European dark pool volumes continued to grow in Q1 2011, with Rosenblatt Securities Analyst Justin Schack estimating that activity of the 15 pools that he follows reached a record proportion of about 3.5-4.5% of consolidated turnover. Despite the increased volatility which is typically negatively correlated to dark pool activity, Schack observes that the growth and behaviour in dark pools, such as brokers and banks preferencing their own pools prior to orders reaching exchanges and MTFs is consistent with the equivalent period of market development that occurred in the United States. Schack's figures take into account the figures from broker crossing networks that report to him or Markit BOAT and his estimated volume for pools that do not report to either Rosenblatt or Markit BOAT. Dark pool activity will continue to increase as brokers integrate algorithms and streamline their execution facilities. The Tabb Group estimates that dark pools will likely rise to 7 per cent of the consolidated market volume for the major European markets this year.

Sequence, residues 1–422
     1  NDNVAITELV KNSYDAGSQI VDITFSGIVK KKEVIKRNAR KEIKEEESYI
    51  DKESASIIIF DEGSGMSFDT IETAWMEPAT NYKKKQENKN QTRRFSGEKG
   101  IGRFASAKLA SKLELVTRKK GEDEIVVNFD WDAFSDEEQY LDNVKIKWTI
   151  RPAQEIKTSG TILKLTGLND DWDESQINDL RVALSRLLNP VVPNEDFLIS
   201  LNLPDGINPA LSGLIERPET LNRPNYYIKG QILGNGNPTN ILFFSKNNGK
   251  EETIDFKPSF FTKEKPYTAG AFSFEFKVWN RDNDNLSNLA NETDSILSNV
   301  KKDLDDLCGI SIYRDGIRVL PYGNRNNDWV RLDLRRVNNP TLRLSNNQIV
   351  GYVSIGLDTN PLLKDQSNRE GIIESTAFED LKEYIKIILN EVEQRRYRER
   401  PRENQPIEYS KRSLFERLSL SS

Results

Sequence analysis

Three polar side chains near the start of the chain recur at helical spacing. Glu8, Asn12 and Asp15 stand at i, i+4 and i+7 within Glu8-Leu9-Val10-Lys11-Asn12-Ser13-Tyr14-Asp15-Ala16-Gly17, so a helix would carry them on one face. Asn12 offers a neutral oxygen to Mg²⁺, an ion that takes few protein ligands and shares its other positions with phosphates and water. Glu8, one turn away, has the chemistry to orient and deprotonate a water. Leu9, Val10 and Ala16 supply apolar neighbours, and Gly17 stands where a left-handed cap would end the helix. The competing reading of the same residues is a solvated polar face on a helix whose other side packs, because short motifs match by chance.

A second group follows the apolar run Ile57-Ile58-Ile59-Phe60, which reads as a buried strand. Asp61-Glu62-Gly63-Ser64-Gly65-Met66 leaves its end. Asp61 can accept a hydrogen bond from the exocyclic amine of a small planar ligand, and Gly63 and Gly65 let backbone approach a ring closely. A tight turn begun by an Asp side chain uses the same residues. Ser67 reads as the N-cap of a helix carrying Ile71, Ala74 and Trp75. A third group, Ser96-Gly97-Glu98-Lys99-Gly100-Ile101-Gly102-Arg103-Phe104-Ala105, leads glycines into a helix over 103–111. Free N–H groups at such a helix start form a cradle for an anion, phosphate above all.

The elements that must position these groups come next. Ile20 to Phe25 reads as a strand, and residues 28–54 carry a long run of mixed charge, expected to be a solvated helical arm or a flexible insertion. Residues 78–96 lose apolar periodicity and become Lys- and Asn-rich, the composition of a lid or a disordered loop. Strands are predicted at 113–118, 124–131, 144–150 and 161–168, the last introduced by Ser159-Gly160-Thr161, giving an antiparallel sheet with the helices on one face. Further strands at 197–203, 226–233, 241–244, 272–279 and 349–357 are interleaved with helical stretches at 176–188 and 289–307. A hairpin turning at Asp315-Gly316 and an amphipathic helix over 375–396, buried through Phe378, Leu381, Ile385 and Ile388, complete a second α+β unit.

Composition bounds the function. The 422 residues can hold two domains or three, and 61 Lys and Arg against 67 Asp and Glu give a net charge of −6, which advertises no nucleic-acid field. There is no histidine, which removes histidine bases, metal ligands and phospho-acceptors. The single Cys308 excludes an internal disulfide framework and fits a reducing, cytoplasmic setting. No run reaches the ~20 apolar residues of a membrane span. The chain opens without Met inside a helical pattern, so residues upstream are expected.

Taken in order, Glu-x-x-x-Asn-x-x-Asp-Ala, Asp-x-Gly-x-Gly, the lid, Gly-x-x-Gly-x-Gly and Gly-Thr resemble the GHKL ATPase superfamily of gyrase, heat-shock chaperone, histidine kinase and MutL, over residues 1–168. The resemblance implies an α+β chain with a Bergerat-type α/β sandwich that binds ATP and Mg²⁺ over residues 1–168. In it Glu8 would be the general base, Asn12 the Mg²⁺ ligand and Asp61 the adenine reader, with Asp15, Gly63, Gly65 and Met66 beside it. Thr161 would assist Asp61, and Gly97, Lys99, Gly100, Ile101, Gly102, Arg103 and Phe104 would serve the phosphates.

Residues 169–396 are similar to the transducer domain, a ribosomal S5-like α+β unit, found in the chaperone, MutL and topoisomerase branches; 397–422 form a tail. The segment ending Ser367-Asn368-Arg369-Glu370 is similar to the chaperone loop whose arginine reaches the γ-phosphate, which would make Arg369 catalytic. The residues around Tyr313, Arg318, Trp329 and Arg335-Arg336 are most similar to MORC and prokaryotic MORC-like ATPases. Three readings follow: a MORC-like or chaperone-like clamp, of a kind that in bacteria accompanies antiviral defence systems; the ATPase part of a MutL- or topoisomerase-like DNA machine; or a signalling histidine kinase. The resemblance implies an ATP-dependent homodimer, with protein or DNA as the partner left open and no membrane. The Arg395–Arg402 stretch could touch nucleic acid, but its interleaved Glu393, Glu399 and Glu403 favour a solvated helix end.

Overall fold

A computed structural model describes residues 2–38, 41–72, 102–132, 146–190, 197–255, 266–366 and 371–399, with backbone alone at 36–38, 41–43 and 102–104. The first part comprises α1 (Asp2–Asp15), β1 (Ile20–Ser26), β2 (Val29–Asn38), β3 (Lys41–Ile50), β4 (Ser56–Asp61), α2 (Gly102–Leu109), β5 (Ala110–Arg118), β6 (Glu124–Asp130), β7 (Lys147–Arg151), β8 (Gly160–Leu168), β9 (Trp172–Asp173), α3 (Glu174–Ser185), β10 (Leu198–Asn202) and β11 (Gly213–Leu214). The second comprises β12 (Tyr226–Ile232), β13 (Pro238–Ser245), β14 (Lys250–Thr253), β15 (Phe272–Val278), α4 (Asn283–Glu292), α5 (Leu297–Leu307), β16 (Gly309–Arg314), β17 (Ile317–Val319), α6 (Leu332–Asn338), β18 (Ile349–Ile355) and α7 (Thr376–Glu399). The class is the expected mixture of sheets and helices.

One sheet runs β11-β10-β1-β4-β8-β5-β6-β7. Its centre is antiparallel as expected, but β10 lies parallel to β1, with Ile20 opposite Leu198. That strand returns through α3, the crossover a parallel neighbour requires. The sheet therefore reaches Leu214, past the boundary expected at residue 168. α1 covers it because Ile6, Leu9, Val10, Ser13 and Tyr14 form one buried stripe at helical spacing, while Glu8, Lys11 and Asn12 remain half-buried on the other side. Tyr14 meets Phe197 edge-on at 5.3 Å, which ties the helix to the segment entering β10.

As part of their best execution responsibilities, buy-side traders are starting to demand greater order-handling transparency and faster more detailed execution analytics. Controlling the cost of execution directly impacts broker's profitability. To increase broker profitability on the execution (commission less trading fees), many brokers (even those that provide agency-only execution) may bias passive orders toward their own pool of liquidity or venues that offer high rebates or zero cost to post.